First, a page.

Drafting is all about projection. But in the process of evaluating and penciling in prospects to spots on the roster, there's a value in reflecting. *[
At last month's owners meetings, Browns coach Hue Jackson, executive vice president of football operations Sashi Brown and chief strategy officer Paul DePodesta answered plenty of forward-thinking questions, but they also took time to look back on Cleveland's 14-man 2016 class, the largest group of draft picks since 1979.
"I think we look at the class as a whole and I think we were really, really pleased with what they were able to do, especially given where we took them in the draft," DePodesta said. "We didn't have 14 picks in the top two rounds, they were all spread out. In fact, we only had two in the top two rounds and the rest of them were all later in the draft. I think relative to the expectations of that spot in the draft, by and large individually and certainly as a group, exceeded their draft positions and we were happy about that."
There are two ways to best illustrate DePodesta's point. The Browns selected wide receiver Corey Coleman with the 15th overall pick in last year's draft. This year, the Browns will make two picks, including No. 1 overall, by the No. 12 spot in the first round. Last year, defensive end Carl Nassib was the the team's third pick of the draft at No. 65 overall. This year, the No. 65 pick will be the fifth addition.
When the Browns' roster was pared down to 53, all 14 players made the cut. Late-round selections Trey Caldwell and Scooby Wright III spent time on the practice squad, and Wright is no longer with the team. A number of them, including Coleman, Nassib and fourth-round safety Derrick Kindred, dealt with significant injuries. Coleman had a big game before his injury, catching five passes for 104 yards and two touchdowns, and was still one of the league's top rookie wide receivers even though he missed six games. Emmanuel Ogbah, the team's second-round pick at No. 32, led the team in sacks and seemingly played better every week. Third-round quarterback Cody Kessler started more games at the position than anyone despite entering the season as the third-string option. Fourth-round picks Joe Schobert and Ricardo Louis played valuable roles on special teams.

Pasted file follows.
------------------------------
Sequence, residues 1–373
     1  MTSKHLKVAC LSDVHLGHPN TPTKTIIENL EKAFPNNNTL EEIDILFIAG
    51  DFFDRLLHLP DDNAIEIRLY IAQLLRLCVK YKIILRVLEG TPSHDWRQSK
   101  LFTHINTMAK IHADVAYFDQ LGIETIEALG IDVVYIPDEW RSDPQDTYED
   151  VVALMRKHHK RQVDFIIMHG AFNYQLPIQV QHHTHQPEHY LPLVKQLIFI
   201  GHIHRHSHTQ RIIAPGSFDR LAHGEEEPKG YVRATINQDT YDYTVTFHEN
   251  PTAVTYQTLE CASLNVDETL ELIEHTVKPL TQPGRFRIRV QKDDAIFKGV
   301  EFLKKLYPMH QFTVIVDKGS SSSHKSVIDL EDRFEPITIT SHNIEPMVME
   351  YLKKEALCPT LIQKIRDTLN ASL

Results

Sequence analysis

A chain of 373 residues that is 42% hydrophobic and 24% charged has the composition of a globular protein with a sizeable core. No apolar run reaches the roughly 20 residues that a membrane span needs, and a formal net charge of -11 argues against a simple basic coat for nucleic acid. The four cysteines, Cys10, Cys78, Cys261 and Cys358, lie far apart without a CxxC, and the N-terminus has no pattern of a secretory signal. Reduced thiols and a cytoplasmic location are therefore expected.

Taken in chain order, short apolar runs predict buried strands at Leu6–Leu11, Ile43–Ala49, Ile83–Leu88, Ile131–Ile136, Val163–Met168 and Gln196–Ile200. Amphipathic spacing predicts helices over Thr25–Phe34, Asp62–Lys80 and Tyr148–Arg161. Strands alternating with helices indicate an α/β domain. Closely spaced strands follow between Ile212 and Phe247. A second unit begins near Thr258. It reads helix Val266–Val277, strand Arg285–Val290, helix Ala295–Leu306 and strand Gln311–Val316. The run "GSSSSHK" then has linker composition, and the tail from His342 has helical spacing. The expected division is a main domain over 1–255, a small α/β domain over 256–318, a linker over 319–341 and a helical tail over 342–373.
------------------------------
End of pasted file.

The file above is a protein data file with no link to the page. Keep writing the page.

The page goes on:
The Browns, who carry 11 picks into this year's draft, will have a new batch of rookies fighting for spots on an increasingly crowded roster. DePodesta made it clear the team expects the competition to bring the best out of both classes.
"Guys are going to have to do something to make our football team to the point where it might be tough for seven or eight to make our team," DePodesta said. "But I think one thing to realize is though is we have 11 picks right now, it doesn't mean we're going to select 11 players. And even next year, I know we have a lot of picks already for 2018, it doesn't mean each one is going to turn into a player."
Take a look at Mike Mayock's position rankings of rising players in the 2017 NFL Draft.
On Wednesday, NFL Network draft analyst Mike Mayock released his updated position rankings for the 2017 class. There was some moving and shaking in a number of spots after Mayock's analysis of the players at their respective Pro Days. Here are the five biggest risers heading into the final stretch of draft preparation.
1. QB Deshaun Watson (Clemson) - The national champion signal-caller moved up just one spot, but it was a big one, as he now sits atop Mayock's quarterback rankings. He took over the place previously occupied by Notre Dame's DeShone Kizer, who now sits at No. 4. Mitchell Trubisky (UNC) and Patrick Mahomes II (Texas Tech) are Nos. 2 and 3, respectively.
2. DL Chris Wormley (Michigan) - The interior defensive lineman made the biggest leap of anyone, going from No. 5 to No. 2. The Toledo native sits behind just Jonathan Allen (Alabama) in Mayock's updated rankings. A former Michigan captain, Wormley projects as an inside player after lining up at end for the Wolverines.
3. CB Gareon Conley (Ohio State) - Perhaps no one has seen his pre-draft stock rise as much as the former Buckeye. A lot of attention has been devoted to his former teammate, Marshon Lattimore, but Conley is right on his tail as Mayock's No. 2 cornerback, a two-spot jump from the previous rankings.
4. CB Tre'Davious White (LSU) - It's hard to find a player as all over the map as White, who has been projected as high as the No. 11 overall pick and as low as a second-rounder. White went from unrated by Mayock to No. 4 in a cornerback class that is deep but could be light on first-rounders.
5. OL Cam Robinson (Alabama) - The former Crimson Tide left tackle moved in a couple of ways. Robinson went from Mayock's No. 2 interior offensive lineman to his No. 1 offensive tackle. That could be a good sign for Robinson, a starter at Alabama since his true freshman season.
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DT Larry Ogunjobi (UNC-Charlotte) - One of the few small-school players to make ESPN draft analyst Todd McShay's three-round mock, Ogunjobi has drawn comparisons to Saints DL Sheldon Rankins, a former first-round pick. He started every single game over his four-year career and led the team in tackles for loss in each one of those seasons. This past year, Ogunjobi had 13.5 tackles for loss and landed on Conference USA's first team. NFL.com's Lance Zierlein believes Ogunjobi has starting potential but will need to add weight to his 6-foot-3, 305-pound frame.
Did you know?
The last draft that featured a team with two picks in the top 12 was 2000 -- and there were two. Washington used the No. 2 pick on LB LaVar Arrington and No. 3 on OL Chris Samuels while Baltimore picked RB Jamal Lewis at No. 5 and WR Travis Taylor at No. 10. That same year, the New York Jets had four picks in the first round, including Nos. 12 and 13.